8 9 HA NA H W Y • PA I A • 5 7 9 - 8 9 8 9

Easter Cupcakes Pastry Chef Liz and the Honu Bake shop

COCONUT CARROT CAKE CUPCAKES WITH COCONUT CREAM CHEESE ICING 6 FOR $18 • Place orders by Thursday April 5th • Pick up April 7th or 8th Starting at 11am at Honu 1295 FRONT ST

808.667.9390 16

MARCH 29, 2012


7 MAUI’S BEST NEW

FRESH NAAN BREAD $ WRAPS starting at...

MADE TO ORDER LUNCH $ BOXES starting at...

Saffron •

Indian Cafe & Grill

2395 S. KIHEI RD., KIHEI (Across Kamaole Beach 1)

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RESTAURANT

TUES-SUN 11am-9pm

SERVING LUNCH & DINNER

FREE WI-FI • TAKE-OUT ORGANIC • VEGAN • FRESH • AFFORDABLE

808.879.7000

ELEGANT COMFORT FOOD at comfortable prices!

GERRY ROSS AND JANET SIMPSON “We love to grow food for people!” Kupa’a Farms kupaafarms.org 

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e use organic and sustainable agricultural practices to grow a diverse array of fruit, vegetables and award-

winning coffee. Our farm has grown every year since we began in 2003. We need more land, which is very hard in the current real estate market. We need a local source of fish fertilizer and quality compost. Bugs, birds, weather and mice can be a challenge on a cyclical basis. We produce for a couple of restaurants and personal chefs but we also produce for our weekly community supported agriculture (CSA) filled entirely with produce from our farm. We are also a regular fixture on Saturdays at the Upcountry Farmers Market in Pukalani.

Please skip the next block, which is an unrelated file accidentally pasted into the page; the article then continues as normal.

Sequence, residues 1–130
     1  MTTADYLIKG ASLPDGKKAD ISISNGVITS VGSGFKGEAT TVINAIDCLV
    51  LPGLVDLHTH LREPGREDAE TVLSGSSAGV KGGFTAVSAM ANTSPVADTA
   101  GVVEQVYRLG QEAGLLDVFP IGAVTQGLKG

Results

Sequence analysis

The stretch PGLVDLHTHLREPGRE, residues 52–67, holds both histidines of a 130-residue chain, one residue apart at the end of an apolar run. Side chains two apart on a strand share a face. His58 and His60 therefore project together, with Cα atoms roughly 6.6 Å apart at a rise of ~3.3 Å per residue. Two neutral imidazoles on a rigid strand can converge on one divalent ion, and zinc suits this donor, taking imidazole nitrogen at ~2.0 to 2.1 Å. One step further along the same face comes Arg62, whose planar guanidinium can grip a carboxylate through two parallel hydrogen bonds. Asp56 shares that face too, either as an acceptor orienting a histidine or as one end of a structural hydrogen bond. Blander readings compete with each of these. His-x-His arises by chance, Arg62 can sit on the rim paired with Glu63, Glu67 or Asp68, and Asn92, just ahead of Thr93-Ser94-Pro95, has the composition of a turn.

CHEF WESLEY HOLDER, PULEHU

“We are committed to the community to lessen our carbon footprint while providing the best and freshest products for our guests.”

SERVING FRESH SEAFOOD DAILY! 15% KAMA’AINA and FREE Delivery limited area only 20% OFF ALL Appetizers with purchase of any adult entrees. LUNCH: CATCH OF THE DAY SANDWICH or ENTREE Beer Battered Fish ‘n Chips Homemade Seafood Chowder & Salad Lahaina Burger Fish Taco DINNER: HOT SIZZLING NEW YORK STEAK Seafood Ciopinno King Crab Legs Pot Scampi Linguini

ALL DAY HAPPY HOUR •$3 Domestic •$4 Mai Tai’s, Margarita, & Steinlager